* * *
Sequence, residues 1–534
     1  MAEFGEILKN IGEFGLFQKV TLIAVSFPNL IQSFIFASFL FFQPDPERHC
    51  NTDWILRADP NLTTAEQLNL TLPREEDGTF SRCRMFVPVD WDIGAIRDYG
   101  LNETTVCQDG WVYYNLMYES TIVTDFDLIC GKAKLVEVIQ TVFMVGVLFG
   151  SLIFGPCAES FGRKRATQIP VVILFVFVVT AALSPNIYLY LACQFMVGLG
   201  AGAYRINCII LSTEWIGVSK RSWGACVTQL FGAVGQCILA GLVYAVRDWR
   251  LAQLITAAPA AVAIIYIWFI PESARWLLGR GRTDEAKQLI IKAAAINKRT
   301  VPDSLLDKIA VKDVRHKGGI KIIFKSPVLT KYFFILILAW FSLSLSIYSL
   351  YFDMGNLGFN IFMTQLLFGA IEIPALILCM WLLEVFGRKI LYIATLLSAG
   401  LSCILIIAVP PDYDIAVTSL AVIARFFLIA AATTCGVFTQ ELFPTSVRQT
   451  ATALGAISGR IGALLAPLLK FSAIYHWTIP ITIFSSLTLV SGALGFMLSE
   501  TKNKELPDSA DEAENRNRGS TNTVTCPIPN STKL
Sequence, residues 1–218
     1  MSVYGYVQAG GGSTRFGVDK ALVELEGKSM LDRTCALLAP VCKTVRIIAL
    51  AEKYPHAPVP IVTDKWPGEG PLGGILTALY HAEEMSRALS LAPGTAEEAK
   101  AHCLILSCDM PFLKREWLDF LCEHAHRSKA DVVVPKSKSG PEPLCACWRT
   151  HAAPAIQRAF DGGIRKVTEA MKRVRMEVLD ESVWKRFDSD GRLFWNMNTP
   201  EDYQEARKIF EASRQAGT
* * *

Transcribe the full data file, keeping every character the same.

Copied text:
Sequence, residues 1–534
     1  MAEFGEILKN IGEFGLFQKV TLIAVSFPNL IQSFIFASFL FFQPDPERHC
    51  NTDWILRADP NLTTAEQLNL TLPREEDGTF SRCRMFVPVD WDIGAIRDYG
   101  LNETTVCQDG WVYYNLMYES TIVTDFDLIC GKAKLVEVIQ TVFMVGVLFG
   151  SLIFGPCAES FGRKRATQIP VVILFVFVVT AALSPNIYLY LACQFMVGLG
   201  AGAYRINCII LSTEWIGVSK RSWGACVTQL FGAVGQCILA GLVYAVRDWR
   251  LAQLITAAPA AVAIIYIWFI PESARWLLGR GRTDEAKQLI IKAAAINKRT
   301  VPDSLLDKIA VKDVRHKGGI KIIFKSPVLT KYFFILILAW FSLSLSIYSL
   351  YFDMGNLGFN IFMTQLLFGA IEIPALILCM WLLEVFGRKI LYIATLLSAG
   401  LSCILIIAVP PDYDIAVTSL AVIARFFLIA AATTCGVFTQ ELFPTSVRQT
   451  ATALGAISGR IGALLAPLLK FSAIYHWTIP ITIFSSLTLV SGALGFMLSE
   501  TKNKELPDSA DEAENRNRGS TNTVTCPIPN STKL
Sequence, residues 1–218
     1  MSVYGYVQAG GGSTRFGVDK ALVELEGKSM LDRTCALLAP VCKTVRIIAL
    51  AEKYPHAPVP IVTDKWPGEG PLGGILTALY HAEEMSRALS LAPGTAEEAK
   101  AHCLILSCDM PFLKREWLDF LCEHAHRSKA DVVVPKSKSG PEPLCACWRT
   151  HAAPAIQRAF DGGIRKVTEA MKRVRMEVLD ESVWKRFDSD GRLFWNMNTP
   201  EDYQEARKIF EASRQAGT